An adoptive father who has supported many who parent from a distance, including in court proceedings as a McKenzie Friend, speaks about the importance of maintaining relationships when children cannot live within the family.
Our children can find it difficult to trust, and we are often the only experience they have of any sense of permanence, of people they can rely on to be there for them when life gets too tough to handle.
Sadly for some adoptive and special guardianship families the early life trauma of children can become too hard to contain within the family home. Living together may not be possible. Hard choices are forced upon those who took on parental responsibility. This often coincides with a child’s puberty onset when hormones start raging and self regulating is just not possible. It may be earlier – or it may be as the child gets older and is targeted by those who seek to exploit. Many factors come into play at this time when a child is trying to make sense of who they are and what has happened to them. The child is beyond parental control – many teenagers are. Also beyond control per se.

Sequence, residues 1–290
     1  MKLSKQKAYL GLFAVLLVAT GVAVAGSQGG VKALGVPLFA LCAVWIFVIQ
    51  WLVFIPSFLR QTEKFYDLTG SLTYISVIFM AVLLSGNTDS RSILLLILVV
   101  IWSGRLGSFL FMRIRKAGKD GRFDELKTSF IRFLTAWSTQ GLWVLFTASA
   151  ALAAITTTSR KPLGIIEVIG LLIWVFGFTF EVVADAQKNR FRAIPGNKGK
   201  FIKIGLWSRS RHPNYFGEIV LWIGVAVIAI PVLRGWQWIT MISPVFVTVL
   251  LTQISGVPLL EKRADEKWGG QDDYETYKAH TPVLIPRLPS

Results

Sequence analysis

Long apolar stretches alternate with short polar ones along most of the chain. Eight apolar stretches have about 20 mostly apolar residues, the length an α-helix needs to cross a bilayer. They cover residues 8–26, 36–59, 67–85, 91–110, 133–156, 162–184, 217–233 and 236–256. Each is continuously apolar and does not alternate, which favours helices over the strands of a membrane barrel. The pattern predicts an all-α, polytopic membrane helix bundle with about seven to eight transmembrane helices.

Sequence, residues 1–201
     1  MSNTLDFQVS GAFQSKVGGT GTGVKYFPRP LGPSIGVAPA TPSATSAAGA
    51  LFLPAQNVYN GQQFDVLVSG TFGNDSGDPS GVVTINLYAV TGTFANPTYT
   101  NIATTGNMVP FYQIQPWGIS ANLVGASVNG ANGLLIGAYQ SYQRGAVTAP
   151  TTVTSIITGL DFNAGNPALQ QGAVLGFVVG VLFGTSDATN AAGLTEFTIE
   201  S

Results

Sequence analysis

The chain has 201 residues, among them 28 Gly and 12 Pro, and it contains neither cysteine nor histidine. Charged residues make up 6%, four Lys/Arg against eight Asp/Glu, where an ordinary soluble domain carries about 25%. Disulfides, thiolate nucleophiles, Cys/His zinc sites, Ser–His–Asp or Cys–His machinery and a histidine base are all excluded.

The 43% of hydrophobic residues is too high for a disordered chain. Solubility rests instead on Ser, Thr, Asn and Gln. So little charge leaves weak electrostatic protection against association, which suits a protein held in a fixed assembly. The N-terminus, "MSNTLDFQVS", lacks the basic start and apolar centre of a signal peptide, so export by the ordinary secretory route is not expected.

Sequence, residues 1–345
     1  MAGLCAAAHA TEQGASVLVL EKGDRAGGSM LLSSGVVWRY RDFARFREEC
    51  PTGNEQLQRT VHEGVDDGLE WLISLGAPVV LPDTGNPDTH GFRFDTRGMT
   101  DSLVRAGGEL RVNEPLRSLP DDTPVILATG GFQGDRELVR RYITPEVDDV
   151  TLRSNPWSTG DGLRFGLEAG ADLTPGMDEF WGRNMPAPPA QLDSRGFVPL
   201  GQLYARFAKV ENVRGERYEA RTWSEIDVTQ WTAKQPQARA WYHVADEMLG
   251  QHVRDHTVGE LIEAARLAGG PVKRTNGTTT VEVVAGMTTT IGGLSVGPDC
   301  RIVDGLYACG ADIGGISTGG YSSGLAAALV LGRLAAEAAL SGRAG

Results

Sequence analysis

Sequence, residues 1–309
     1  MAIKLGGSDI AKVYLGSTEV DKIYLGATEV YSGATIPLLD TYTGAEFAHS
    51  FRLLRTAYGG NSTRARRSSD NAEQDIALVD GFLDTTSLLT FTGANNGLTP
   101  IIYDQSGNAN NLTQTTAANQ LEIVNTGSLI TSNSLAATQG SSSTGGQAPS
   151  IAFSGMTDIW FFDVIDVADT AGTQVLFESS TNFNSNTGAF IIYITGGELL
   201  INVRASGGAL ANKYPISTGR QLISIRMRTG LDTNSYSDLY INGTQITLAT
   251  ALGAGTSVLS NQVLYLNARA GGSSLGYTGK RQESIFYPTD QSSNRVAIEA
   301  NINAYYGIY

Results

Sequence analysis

Sometimes it is the child who makes the choice – its a way to keep control and avoid painful feelings of rejection by being the first to make the choice to go – or being the one saying no, this is my choice to leave.
Under Section 20 or Section 31 care orders the corporate parent will provide food, shelter, education perhaps, but there will always be one element missing – the love, commitment, sense of belonging and stability of a family home. Maintaining our relationship with our children is so important in these circumstances – but we are finding that it is something that is not always encouraged and supported by the authorities. Relationships may be damaged by the actions and attitudes of the corporate parent. After all, if those with a duty of care had fulfilled their claim to provide necessary support, in many circumstances no return to care would be necessary.
The lack of support to relationships has long term financial consequences for services and society. A short term outlook can be harmful and may cause irreparable damage to children and families.
Those with a duty of care need to better support us and to prioritise maintaining a relationship between our children and us when they cannot live safely in the family home for no fault of theirs or ours.